In the 1980s and 1990s, utopian thinkers claimed that states could not govern the internet (e.g. John Perry Barlow’s “Declaration of Independence of Cyberspace”).
Contrary to these claims, the internet is heavily regulated and subject to state influence (e.g. the NSA’s PRISM program, the Great Firewall of China, etc.).
Governments will continue to have an important role in regulating the internet and ensuring prosperity.
States are creating geographies of data through data localisation laws, which require companies to store customers’ and employees’ personal data locally.
NGI could develop new models of citizenship. Estonia’s electronic-ID system could be implemented across Europe, enabling free access to all state services, participants suggested; coining the term “à la carte citizenship”.
Technical innovation often progresses faster than the passage of new legislation, we heard.
Using AI to automate some of the legislative process could be one way of helping the law to match the rate of technological change.
Other participants questioned if accelerating the legislative process should be an NGI objective, pointing out that the internet is already heavily legislated. It may be more important to find new ways to enforce existing laws, they argued.
It was agreed that investing in hybrid teams of lawyers and technical experts will help ensure that legislation is relevant and implemented effectively.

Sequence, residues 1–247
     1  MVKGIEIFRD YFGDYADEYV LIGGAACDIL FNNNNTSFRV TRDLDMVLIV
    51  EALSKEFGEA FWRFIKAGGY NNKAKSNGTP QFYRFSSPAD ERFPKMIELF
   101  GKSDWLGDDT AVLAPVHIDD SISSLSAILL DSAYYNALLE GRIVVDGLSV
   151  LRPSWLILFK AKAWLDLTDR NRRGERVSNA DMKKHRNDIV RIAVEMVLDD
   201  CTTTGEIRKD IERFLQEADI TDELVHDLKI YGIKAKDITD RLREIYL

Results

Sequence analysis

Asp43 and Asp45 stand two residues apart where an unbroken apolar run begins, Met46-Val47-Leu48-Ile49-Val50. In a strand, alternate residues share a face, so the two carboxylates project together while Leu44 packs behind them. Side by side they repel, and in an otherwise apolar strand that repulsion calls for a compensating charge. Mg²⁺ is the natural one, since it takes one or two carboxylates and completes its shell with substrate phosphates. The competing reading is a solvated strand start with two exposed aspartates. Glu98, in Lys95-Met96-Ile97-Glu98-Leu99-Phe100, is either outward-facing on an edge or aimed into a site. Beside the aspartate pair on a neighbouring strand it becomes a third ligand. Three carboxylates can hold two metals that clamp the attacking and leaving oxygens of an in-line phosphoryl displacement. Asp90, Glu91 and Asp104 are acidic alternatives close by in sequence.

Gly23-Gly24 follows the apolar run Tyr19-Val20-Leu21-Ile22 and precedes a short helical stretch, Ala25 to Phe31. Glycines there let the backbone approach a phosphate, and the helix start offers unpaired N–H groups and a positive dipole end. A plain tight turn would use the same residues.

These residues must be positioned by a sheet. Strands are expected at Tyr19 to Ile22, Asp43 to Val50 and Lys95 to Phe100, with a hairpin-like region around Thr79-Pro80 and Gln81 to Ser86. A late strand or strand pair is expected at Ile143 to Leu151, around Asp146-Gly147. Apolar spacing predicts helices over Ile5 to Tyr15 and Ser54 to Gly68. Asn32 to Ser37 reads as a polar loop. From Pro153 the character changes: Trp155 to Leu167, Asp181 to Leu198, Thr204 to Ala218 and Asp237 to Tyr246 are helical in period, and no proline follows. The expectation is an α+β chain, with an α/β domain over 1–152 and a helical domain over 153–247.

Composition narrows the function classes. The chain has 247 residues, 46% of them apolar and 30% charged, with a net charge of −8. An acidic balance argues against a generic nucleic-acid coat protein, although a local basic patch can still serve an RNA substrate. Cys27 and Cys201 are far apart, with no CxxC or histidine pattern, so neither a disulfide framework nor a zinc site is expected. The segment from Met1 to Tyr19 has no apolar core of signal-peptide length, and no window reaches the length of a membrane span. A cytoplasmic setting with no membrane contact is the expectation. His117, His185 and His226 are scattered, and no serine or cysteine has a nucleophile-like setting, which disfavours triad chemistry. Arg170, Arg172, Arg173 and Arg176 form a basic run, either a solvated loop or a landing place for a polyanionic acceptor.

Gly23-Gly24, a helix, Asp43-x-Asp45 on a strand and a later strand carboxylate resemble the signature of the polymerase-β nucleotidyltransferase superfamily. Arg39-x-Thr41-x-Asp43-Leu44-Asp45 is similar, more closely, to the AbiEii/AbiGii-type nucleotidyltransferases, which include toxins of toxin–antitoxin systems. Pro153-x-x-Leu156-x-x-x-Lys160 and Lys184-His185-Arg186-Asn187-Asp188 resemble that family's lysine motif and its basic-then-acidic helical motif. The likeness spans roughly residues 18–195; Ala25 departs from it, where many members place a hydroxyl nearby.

We heard that the internet is “flattening” and “widening” our social architecture; meaning that we have a growing number of increasingly shallow interactions.
Using the language of the “social contract”, participants asked if innovators are responsible for the impacts of their products on social dynamics.
The potential for AI to provide free and accessible education should be promoted by NGI.
Preserving “free” choice in a system of complicated algorithms was raised as a future challenge.
The rise of “post truth” politics underscores the importance of access to reliable information. Participants debated the ethics and practicalities of “popping information bubbles” by regulating social media and targeted advertising, with reference to the principle of net neutrality.
It was agreed that any interventions that are made should be informed by research into human psychology, and recognise that we may have a bias toward preserving our bubble.